It’s not surprising that Batman has a diverse group of foes that enjoy working together, but the Court of Owls will always hold a special place in the hearts of the other criminals of Gotham City, and for a good reason.
The new Batman/Spawn miniseries features the titular heroes teaming up for the first time since the 1990s in a crossover that fans have longed for. The Court of Owls and Talon, their signature assassin, are this time’s principal antagonists. Batman thinks that Spawn’s Court of Priests and the Court of Owls have been faking time, so both Batman and Spawn think their loved ones—parents Batman’s and Spawn’s wife—died in the same instant. The two heroes are pitted against one another because both accuse the other of their loved ones’ deaths, despite the fact that this couldn’t be further from the truth.
Eventually setting aside their differences, Batman and Spawn cooperate to bring the Court of Owls and everyone associated with them to justice in Todd McFarlane and Greg Capullo’s Batman/Spawn #1. However, while Spawn isn’t as hesitant to kill as Batman, their methods of doing it are vastly different. They ultimately bring Talon to Arkham Asylum, where Batman threatens to free every prisoner. Talon boasts of how the Court of Owls planned the deaths of Bruce’s parents, which led to the development of Batman, even if everyone despises him. Batman concludes as a result of this that every villain Talon would unleash will loathe him almost as much as himself.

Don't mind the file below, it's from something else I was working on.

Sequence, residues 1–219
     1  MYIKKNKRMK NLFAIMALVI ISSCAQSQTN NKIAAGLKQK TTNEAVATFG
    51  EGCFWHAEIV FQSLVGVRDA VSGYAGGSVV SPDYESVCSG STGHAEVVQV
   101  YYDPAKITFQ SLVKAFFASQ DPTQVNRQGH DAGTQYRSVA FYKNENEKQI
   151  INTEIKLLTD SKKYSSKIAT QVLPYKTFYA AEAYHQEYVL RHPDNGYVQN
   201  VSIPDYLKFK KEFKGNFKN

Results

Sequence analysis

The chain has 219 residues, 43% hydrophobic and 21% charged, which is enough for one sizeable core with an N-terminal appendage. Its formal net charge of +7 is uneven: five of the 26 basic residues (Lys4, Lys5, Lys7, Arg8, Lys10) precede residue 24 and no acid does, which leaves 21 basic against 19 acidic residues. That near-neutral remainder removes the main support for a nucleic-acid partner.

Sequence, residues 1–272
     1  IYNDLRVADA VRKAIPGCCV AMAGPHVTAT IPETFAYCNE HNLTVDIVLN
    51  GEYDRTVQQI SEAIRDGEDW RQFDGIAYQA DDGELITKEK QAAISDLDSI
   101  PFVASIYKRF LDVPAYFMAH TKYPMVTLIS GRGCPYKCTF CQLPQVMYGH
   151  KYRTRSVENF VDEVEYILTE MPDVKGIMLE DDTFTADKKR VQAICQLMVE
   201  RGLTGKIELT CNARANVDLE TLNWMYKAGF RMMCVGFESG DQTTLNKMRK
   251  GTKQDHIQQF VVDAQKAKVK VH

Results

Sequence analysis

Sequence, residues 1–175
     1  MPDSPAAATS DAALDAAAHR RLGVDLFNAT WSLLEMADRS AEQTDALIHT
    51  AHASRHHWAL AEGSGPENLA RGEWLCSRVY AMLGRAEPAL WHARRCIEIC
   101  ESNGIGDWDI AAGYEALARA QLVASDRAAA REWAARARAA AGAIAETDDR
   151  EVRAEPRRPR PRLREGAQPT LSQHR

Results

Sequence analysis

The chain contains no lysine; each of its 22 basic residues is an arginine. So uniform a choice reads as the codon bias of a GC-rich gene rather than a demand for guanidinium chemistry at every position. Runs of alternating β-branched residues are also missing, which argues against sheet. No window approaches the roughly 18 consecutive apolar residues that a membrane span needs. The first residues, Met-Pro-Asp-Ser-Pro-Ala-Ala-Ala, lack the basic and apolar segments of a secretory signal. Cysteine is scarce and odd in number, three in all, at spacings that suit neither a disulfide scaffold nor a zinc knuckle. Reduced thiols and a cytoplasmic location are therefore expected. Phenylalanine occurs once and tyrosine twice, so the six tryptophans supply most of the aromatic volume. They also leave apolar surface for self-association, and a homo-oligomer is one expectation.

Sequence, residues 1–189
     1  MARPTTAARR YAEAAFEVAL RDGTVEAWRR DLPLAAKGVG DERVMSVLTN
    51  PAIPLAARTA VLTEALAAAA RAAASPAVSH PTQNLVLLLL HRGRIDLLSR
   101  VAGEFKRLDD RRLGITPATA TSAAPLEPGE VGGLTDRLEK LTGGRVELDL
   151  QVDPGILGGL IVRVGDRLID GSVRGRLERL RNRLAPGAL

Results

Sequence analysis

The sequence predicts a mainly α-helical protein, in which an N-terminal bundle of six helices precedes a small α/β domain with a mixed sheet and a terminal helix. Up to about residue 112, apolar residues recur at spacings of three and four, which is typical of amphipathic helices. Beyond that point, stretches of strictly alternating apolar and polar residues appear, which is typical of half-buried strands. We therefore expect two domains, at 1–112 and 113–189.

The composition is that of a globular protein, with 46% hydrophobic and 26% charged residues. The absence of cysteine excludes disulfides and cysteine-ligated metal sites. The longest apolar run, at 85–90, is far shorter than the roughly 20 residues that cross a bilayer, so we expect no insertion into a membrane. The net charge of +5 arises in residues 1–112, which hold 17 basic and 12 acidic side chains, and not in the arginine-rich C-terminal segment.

Batman Was Created By The Court Of Owls
This statement concerning Talon’s interactions with Batman’s previous foes is quite telling. Batman’s villains, but all of the DC bad guys, are infamous for cooperating. That implies that in Gotham’s underworld, villains have their small social clubs. Despite his anarchism and madness, even the Joker is frequently used in their plans. But this exchange makes clear that Talon wouldn’t be a part of a villain team-up.
Additionally, given the kind of villain Talon is and the organization he serves, this makes a lot of sense. No one in the Court of Owls views them as villains. They saw themselves as the real architects and judges of Gotham. Their plans don’t directly include villainy. Simply put, they believe they are above the law and vigilantism. It is why they wouldn’t debase themselves to the minor mischief of bad guys like the Riddler and Penguin. Talon would be a Batman villain who is quite content operating alone because the Court of Owls is a higher class of criminal.